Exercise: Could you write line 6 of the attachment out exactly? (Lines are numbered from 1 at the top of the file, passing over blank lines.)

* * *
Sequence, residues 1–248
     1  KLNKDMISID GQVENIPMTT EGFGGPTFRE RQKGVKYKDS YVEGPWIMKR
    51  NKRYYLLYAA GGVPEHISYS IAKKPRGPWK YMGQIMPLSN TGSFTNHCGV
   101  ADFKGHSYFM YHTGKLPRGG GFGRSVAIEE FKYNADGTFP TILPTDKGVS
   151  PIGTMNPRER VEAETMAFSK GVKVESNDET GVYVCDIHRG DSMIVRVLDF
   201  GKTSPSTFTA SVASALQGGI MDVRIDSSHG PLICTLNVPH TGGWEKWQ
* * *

   201  GKTSPSTFTA SVASALQGGI MDVRIDSSHG PLICTLNVPH TGGWEKWQ